Microwave faith

You can’t microwave a strong faith.

You can microwave a Hungry-Man dinner, reheat a cold cup of coffee, or nuke a trio of breakfast sausage patties (trust me, I do this often). But you can’t microwave a peace-giving, joy-providing, temptation-resisting faith.

I want you to know that so the resources we produce at Time of Grace actually bless you. Like this blog and the others on our app and website. Or the Grace Talks videos that many of you watch on YouTube. Or the Grace Moments devotions that show up in your inbox/mailbox. These resources are intentionally short and sweet—250 words per devotion, 650 per blog, 5 minutes per video. You could watch/read everything we produce each week in less time than it takes to watch a single episode of The Walking Dead.

But please, please, please remember that you can’t pop any of those resources into the multitasking microwave and end up with a steaming strong faith.

Yesterday, I shared this passage with the Time of Grace staff: “But grow in the grace and knowledge of our Lord and Savior Jesus Christ” (2 Peter 3:18). I asked them to discuss how, in their experience, “growing in knowledge” actually happens. When did they actually increase their knowledge of the Word or their appreciation of grace?

Their answers all had this in common—Slow down.

Apparently, spiritual growth happens in a Crock-Pot, not a microwave.

Years ago, a professor of mine shared an insight that still sticks in my mind. His words went something like this—“Do you know what every Bible study, devotional guide, and spiritual growth plan has in common? They all are trying to get you to just slow down.”

So true.

The challenge of spiritual growth in the modern world is a multitasking mentality. We live stream the church service while doing the dishes. Or put on some worship music in the background as we fold the laundry. Or play a few podcasts while we shave and drive to work.

I do this on a daily basis. And it’s not wrong. In fact, there are sudden insights and moving moments of worship in the car. But I have to admit that I’m rarely challenged and changed when the Word is the white noise in the background of my day’s to-do list.

What does work, however, is when I slow down, close the door, put the phone on “do not disturb,” and dialogue with my God. When I hear his voice as I read the Word and then pray back to him my “I’m sorrys” and “Thank yous” and “Amens!” I have a feeling this is so challenging because the enemy knows how beneficial it can be.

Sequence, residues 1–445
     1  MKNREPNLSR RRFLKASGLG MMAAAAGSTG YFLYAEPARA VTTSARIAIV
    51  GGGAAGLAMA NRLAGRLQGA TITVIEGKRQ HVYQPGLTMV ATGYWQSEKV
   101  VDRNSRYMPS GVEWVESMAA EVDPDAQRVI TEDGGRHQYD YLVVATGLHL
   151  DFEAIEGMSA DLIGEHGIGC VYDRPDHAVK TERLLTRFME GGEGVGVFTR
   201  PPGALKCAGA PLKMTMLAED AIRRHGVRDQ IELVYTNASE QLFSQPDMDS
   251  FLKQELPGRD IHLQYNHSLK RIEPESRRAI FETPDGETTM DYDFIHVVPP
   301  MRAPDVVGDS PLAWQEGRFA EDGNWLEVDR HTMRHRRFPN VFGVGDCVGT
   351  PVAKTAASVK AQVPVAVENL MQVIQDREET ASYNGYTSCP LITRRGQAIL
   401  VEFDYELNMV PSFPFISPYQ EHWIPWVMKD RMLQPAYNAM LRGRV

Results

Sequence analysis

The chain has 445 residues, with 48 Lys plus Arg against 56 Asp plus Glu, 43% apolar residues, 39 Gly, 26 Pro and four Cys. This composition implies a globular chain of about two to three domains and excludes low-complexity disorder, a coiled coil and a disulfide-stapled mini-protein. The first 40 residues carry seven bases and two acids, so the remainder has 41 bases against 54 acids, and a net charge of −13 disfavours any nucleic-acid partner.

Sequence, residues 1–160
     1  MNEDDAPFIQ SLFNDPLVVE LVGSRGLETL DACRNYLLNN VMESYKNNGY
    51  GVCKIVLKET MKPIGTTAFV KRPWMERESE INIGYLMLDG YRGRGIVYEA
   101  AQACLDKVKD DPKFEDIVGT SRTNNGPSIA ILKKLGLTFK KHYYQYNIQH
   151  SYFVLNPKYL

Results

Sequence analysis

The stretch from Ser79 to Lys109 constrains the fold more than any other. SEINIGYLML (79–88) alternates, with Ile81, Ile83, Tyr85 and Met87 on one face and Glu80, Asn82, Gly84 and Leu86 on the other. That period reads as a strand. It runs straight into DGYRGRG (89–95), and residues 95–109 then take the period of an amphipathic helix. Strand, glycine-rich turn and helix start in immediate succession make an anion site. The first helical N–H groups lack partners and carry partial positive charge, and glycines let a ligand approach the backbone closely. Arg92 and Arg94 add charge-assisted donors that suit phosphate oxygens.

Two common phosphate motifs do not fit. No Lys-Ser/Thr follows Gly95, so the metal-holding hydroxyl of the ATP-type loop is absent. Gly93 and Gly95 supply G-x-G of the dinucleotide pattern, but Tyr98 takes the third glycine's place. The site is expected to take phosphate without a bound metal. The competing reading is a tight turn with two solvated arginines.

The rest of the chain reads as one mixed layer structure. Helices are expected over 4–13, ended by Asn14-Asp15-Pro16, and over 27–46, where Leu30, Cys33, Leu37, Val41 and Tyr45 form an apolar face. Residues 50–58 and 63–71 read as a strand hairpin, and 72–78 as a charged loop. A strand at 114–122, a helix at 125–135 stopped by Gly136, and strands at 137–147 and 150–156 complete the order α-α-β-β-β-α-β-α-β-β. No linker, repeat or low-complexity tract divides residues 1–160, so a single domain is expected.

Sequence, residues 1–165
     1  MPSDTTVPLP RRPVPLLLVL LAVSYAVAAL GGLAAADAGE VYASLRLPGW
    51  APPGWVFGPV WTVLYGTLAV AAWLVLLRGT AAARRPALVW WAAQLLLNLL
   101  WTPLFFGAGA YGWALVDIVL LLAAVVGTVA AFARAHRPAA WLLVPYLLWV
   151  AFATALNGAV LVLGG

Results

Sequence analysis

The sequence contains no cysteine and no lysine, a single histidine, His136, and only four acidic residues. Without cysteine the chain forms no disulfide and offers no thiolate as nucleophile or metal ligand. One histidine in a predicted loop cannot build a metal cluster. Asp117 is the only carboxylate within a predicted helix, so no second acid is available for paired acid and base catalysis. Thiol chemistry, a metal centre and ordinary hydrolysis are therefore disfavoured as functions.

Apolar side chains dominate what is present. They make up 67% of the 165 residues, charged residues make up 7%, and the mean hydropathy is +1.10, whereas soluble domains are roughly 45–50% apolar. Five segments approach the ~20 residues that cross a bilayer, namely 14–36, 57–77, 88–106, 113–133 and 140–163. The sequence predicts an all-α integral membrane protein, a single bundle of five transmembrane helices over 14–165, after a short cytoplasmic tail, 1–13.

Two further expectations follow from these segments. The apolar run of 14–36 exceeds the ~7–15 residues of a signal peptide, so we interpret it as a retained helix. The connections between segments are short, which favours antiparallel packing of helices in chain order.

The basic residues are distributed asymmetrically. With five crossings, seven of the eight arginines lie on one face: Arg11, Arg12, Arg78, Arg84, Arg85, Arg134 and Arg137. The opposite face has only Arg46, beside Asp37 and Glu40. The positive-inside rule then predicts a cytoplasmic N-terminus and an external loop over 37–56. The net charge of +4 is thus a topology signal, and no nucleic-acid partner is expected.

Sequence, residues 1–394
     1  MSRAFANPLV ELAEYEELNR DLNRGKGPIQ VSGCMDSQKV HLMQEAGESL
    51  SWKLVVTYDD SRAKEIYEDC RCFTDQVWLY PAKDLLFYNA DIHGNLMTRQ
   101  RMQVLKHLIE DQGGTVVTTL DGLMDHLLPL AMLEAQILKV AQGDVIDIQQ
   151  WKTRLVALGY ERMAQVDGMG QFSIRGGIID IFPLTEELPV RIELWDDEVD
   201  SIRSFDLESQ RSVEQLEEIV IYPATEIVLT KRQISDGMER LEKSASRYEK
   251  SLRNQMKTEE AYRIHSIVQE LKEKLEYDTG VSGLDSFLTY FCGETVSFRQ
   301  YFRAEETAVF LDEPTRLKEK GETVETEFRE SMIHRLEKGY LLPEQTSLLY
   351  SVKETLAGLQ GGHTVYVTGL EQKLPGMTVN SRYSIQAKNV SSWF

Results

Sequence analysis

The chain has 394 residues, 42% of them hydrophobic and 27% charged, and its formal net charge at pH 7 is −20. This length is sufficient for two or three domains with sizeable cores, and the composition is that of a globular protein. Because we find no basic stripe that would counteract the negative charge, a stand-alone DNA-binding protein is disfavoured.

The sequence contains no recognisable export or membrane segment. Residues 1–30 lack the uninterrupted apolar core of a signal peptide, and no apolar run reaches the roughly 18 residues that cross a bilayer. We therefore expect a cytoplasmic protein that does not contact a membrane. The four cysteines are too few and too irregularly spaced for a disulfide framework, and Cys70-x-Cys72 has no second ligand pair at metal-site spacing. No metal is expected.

This is what the psalmist was after when he wrote, “Blessed is the one . . . whose delight is in the law of the LORD, and who meditates on his law day and night” (Psalm 1:1,2).

Who is blessed? The one who meditates. The one who is mindful of the Word. The one who slows down and lets it simmer.

In Hebrew, the word we translate “meditate” is hagah. It literally means “to make a low, growling sound” and is used of lions as they savor their recently captured prey.

Think of a happy dog gnawing on a bone in the corner of the living room, and you get the idea.

So, my encouragement for you today is to chew on God’s truth. Budget an extra few minutes for that devotion. Interrogate it with a few questions. Dialogue with a friend over a single passage. Think until you are able to explain it. Ponder until you are able to apply it. Fix your eyes on Jesus until you see his love with 20/20 vision.

God would love to strengthen your faith today. Nothing would make him happier than to bless you as you meditate on the grace of your Savior.

Happy hagah-ing!

Pastor Mike Novotny has served God’s people in full-time ministry since 2007 in Madison and, most recently, at The CORE in Appleton, Wisconsin. He will also serve as the new lead speaker for Time of Grace after April 2019, where he will share the good news about Jesus through television, print, and online platforms. Mike loves seeing people grasp the depth of God’s amazing grace and unstoppable mercy. His wife continues to love him (despite plenty of reasons not to), and his two daughters open his eyes to the love of God for every Christian. When not talking about Jesus or dating his wife/girls, Mike loves playing soccer, running, and reading.

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